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Packing tips

A boomer goes backpacking in Aria's Superstition Mountains. Photo from southwestdiscoveries.com

A boomer goes backpacking in Arizona’s Superstition Mountains. Photo from southwestdiscoveries.com

Is it time to hang up your backpack when you reach your 50s and 60s or even your 70s?

Certainly not — not if you don’t want to.

Sometimes carrying your traveling gear on your back can be easier than wheeling a suitcase through city streets as well as in the country.

So even if the term “backpackers” conjures up visions of 20-somethings bearing heavy loads of camping supplies and sleeping bags strapped on their backs, heading out onto forest trails or tramping around Europe or Australia, this article by Jenn Miller at Jen Reviews may change your mind.

Jenn provides a clearly written, comprehensive guide on how to pack for a backpacking trip, filled with practical tips and advice that will save you time, space, and help make your trip even more enjoyable.

Besides general packing… Continue reading

Probably time to rethink your packing strategy. Photo by Keith Williamson on flickr.

Probably time to rethink your packing strategy. Photo by Keith Williamson on flickr.

Anyone who has struggled with hauling luggage onto a train or up or down a flight of stairs — where suitcase wheels don’t help all that much — knows the value of packing light.

It’s just that — if you’re like me — you also struggle with knowing what to leave out when you travel. As a friend, Jade Chan, just wrote me in response to a recent post giving tips on how to pack light:

“I can totally relate to you being a heavy packer when travelling. I try to think of every scenario possible, so I’ll pack everything that I think I’ll need. Although I pack only two pairs of footwear, it’s the ‘everything else’ that weighs down my suitcase. My backpack is quite big too. So I always marvel at how backpackers… Continue reading

Packing too much? You can cut down fairly easily.

Packing too much? You can cut down fairly easily.

In a recent post, I admitted to having a packing problem — namely overpacking — so that I have to lug a large suitcase on many plane or train trips rather than a lighter, much handier carry-on-size bag (21 or 22 inches long). It spurred me to write “Seven Reasons for Packing Light,” mostly learned the hard way.

But I like to think that after my last trip — a week-long European cruise in February — that I’ve learned my lesson. I’d convinced myself there were extenuating circumstances: it was winter, so I needed heavier clothes; it was a cruise, so I would only need to unpack once; and it was a business trip (a story assignment), so I needed dress clothes and shoes for the ship’s semi-formal nights.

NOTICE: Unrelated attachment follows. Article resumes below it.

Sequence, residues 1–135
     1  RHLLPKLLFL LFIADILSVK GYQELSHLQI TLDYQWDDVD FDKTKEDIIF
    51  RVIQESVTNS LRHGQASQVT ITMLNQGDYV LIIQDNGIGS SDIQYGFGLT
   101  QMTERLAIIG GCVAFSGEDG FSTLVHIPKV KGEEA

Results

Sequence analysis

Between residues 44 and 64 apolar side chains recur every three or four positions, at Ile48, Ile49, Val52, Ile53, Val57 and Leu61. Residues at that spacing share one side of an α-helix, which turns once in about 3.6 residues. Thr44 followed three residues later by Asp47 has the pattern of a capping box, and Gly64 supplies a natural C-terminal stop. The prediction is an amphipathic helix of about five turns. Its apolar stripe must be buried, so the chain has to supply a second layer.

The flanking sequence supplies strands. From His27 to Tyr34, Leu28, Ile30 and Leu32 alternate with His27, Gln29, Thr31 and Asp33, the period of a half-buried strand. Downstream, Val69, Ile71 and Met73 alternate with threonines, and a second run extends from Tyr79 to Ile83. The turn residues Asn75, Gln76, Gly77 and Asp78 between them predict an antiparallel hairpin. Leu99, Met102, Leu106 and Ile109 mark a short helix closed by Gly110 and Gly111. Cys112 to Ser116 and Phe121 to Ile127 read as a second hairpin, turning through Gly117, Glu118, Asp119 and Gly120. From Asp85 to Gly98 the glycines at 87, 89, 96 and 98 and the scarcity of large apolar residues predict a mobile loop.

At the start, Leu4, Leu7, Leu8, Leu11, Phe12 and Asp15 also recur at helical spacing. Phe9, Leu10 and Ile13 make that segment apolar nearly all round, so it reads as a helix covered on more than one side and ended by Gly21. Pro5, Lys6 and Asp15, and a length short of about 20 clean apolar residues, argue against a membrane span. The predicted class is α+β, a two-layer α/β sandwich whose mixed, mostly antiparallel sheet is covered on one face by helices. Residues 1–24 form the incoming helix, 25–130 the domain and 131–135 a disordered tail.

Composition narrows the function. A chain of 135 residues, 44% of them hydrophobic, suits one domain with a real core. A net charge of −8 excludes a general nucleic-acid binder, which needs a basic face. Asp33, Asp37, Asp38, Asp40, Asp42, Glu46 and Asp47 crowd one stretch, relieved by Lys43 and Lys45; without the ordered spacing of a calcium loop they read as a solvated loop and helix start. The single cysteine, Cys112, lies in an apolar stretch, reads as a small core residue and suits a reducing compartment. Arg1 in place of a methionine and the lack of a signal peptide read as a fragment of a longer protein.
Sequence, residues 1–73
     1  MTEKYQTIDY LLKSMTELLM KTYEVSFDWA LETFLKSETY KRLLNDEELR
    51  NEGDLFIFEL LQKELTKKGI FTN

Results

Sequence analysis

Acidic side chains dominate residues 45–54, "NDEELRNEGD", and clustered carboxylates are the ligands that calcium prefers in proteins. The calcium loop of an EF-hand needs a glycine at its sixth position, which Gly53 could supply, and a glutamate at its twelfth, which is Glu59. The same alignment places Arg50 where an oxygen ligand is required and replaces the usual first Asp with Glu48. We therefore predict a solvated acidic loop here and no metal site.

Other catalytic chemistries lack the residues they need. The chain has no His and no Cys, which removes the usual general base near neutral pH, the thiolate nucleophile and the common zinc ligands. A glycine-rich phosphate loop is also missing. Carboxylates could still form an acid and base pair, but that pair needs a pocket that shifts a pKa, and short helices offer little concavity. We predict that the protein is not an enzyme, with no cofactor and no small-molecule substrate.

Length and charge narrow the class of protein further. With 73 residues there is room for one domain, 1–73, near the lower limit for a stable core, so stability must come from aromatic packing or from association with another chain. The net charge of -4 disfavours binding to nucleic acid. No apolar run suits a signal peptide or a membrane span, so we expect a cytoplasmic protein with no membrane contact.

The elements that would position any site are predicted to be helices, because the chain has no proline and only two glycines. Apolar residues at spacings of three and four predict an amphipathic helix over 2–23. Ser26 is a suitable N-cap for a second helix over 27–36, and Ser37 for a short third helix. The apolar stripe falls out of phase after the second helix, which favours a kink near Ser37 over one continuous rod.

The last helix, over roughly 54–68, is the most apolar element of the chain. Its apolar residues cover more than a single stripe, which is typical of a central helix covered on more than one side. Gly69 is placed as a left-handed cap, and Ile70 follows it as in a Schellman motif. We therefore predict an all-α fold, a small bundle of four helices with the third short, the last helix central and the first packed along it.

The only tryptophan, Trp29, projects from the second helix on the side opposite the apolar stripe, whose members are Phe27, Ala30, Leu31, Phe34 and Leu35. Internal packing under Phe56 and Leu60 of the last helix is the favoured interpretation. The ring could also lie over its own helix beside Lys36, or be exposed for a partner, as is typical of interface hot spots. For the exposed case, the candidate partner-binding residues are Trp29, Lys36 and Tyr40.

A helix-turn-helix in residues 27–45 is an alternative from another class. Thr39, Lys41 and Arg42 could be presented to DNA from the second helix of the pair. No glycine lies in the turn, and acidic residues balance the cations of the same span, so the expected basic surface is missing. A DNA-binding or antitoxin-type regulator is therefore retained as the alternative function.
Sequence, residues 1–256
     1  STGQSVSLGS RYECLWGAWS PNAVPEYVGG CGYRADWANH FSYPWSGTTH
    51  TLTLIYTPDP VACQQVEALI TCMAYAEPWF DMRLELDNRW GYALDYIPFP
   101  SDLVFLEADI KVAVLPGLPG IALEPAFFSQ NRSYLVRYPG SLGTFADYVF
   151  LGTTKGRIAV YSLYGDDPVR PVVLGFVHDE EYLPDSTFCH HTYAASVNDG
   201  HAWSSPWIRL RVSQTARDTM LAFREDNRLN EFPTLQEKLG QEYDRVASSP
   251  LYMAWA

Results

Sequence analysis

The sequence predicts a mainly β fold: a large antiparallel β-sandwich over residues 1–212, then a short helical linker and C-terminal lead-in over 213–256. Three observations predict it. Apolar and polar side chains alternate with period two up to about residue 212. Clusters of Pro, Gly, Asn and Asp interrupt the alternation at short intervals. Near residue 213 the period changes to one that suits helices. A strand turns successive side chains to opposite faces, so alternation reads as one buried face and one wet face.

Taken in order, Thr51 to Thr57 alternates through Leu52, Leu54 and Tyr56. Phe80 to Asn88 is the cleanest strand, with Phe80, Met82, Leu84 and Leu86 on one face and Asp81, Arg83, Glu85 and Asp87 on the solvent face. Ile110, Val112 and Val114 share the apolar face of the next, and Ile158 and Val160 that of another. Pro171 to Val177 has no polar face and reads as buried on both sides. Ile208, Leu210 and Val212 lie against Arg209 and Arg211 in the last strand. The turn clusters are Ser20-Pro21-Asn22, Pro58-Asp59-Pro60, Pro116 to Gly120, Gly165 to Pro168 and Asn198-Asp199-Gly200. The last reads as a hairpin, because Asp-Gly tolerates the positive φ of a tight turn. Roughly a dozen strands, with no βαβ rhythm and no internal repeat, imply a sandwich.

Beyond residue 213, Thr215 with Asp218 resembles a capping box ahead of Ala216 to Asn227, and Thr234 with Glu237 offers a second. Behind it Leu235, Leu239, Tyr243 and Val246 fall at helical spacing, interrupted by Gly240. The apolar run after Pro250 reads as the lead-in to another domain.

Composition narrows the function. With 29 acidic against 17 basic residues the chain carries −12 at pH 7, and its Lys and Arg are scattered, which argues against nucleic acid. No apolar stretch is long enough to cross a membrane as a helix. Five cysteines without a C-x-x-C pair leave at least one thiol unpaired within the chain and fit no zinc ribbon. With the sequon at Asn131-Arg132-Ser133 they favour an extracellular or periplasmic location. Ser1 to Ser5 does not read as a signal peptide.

And, of course, my large bag had wheels, as does virtually every… Continue reading

Is this you at packing time? Photo from graylinealaska.com

Is this you at packing time? Photo from graylinealaska.com

I admit that I have a packing problem. I tend to overpack, forcing me from bringing only a light carry-on size suitcase to lugging a large, heavy one I have to check on a plane or haul on and off a train.

Shoes are the main culprit. If I’m going on a trek or major hiking trip, I have to pack heavy hiking boots. If I’m going anywhere near a beach or even to a warm-weather destination, I need sandals. Then there are the comfortable urban walking shoes, which I can wear on the plane. But all bets are off if I have to pack dress shoes for some occasion as well.

I also have a tendency to want to bring a shirt or two for every possible type of weather. And so on. Along with all my electronics and gear… Continue reading

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According to government and private surveys:

  • Leading-edge baby boomers (born between 1946 and 1955) and seniors account for four out of every five dollars spent on luxury travel today.
  • Roughly half the consumer spending money in the U.S.--more than $2 trillion--is in the hands of leading-edge baby boomers and seniors.
  • Baby boomers (born 1946-1964) travel more than any other age group.
  • When asked what they would most like to spend their money on, baby boomers answered “travel” more than any other category, including improving their health or finances.

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